A Guide to PSD2

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If you’re an Irish saver who uses online banking regularly and keeps up to date with the latest financial technology (fintech) and legislation developments, you may be familiar with PSD2 or have at least seen or heard “PSD2” mentioned alongside terms such as “open banking”. If you haven’t, don’t worry.  Even if you’re unaware of what PSD2 is, you may have already taken advantage of it without even realising. On this page, we explain what PSD2 legislation is, how it works, its importance and what PSD2 means for open banking.

Key takeaways
  • PSD2 is the second Payment Services Directive and sets out some rules about electronic payment services that banks must adhere to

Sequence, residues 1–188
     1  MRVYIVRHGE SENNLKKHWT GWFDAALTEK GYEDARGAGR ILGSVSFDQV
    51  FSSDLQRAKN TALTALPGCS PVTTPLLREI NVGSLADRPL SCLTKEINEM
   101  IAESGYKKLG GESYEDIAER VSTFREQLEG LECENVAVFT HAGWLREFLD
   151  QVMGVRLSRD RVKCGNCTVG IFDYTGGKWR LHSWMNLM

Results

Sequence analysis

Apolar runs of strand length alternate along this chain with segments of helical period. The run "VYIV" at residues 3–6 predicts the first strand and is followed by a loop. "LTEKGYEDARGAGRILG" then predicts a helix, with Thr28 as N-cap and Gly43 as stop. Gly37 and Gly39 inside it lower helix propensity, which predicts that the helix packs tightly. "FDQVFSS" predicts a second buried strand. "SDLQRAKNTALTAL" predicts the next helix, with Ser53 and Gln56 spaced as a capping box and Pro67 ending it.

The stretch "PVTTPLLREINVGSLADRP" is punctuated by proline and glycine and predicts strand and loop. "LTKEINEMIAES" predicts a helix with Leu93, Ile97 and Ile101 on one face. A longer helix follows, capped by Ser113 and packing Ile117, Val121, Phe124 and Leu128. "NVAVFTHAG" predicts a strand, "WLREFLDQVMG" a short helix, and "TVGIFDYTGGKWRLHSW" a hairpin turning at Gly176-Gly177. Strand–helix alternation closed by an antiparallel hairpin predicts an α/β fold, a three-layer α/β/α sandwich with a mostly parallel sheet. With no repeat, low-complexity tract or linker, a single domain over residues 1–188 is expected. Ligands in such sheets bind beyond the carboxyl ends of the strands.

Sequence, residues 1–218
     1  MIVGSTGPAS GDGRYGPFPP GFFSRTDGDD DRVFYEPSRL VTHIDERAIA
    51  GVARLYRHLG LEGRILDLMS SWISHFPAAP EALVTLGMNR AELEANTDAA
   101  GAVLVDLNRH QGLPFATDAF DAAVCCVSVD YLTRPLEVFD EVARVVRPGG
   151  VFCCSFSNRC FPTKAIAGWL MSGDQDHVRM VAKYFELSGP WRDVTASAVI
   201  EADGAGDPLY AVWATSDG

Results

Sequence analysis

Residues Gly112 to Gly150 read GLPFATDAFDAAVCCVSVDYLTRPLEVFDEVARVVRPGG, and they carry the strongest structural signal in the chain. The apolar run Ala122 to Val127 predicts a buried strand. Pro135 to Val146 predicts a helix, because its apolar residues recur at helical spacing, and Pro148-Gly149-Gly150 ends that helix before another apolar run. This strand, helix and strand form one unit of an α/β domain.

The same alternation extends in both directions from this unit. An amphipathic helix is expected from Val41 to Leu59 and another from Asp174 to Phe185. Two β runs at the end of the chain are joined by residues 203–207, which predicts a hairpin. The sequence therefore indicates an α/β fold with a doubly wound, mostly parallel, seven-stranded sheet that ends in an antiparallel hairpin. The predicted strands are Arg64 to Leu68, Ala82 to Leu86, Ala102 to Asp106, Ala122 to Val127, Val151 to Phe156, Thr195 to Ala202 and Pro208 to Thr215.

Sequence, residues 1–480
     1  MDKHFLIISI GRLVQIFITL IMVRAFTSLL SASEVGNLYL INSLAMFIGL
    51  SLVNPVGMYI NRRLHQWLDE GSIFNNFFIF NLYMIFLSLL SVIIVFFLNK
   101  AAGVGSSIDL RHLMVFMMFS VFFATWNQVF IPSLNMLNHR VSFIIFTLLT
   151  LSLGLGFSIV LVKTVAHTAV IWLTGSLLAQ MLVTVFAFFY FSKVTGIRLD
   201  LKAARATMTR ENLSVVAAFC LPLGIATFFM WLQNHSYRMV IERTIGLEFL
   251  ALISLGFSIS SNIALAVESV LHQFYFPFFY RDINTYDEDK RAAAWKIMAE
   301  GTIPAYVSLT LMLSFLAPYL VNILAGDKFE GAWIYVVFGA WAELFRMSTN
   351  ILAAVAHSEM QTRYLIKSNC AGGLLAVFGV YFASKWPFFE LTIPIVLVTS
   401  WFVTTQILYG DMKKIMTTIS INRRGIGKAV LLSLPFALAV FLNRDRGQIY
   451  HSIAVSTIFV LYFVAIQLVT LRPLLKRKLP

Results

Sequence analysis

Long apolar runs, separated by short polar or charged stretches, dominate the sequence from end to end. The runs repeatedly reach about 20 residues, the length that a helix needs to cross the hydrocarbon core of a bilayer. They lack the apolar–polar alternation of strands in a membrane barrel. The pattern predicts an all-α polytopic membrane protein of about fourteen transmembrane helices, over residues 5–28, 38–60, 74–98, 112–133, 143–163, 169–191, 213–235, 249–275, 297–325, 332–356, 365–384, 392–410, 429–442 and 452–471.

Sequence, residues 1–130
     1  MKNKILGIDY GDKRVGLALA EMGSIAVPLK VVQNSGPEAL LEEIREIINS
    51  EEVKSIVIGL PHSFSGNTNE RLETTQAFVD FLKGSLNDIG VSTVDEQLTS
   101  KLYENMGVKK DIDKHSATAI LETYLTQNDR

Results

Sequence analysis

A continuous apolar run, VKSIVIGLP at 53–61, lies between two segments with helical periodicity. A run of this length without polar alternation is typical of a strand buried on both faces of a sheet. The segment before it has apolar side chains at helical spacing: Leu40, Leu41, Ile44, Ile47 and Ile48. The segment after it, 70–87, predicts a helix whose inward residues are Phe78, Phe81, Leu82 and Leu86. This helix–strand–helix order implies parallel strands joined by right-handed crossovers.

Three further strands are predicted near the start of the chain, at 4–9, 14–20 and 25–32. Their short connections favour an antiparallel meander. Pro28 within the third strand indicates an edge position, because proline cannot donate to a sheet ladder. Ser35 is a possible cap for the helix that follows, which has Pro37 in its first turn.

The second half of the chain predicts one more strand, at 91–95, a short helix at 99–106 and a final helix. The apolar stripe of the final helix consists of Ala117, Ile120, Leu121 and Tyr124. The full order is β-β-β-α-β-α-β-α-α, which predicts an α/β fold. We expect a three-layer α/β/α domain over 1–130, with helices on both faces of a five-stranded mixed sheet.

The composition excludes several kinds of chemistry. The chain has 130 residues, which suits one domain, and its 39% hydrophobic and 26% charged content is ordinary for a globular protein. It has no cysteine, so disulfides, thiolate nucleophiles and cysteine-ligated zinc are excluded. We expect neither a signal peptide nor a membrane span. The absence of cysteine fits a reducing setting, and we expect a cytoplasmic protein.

• It's a European regulation thatenhances customer security and improves your rights

  • PSD2 is designed to boost innovation and help banks adapt to new technological developments.

What is PSD2?

PSD2 stands for the second Payment Services Directive and is a European regulation for electronic payment services and payment service providers throughout the European Union. 

PSD2 is designed to boost innovation and help banks adapt to new technological developments. It focuses on improving consumer rights, aligning payment services, enhancing security through strong authentication systems and enabling third-party providers, such as budgeting apps and online merchants, to access financial data and offer customers new ways to make transactions and manage finances.

Why was PSD2 introduced?

PSD2 was introduced in 2018 to facilitate an integrated and seamless payment experience across EU member states. PSD2 also introduced Strong Customer Authentication (SCA) to enhance secure payments and reduce fraud.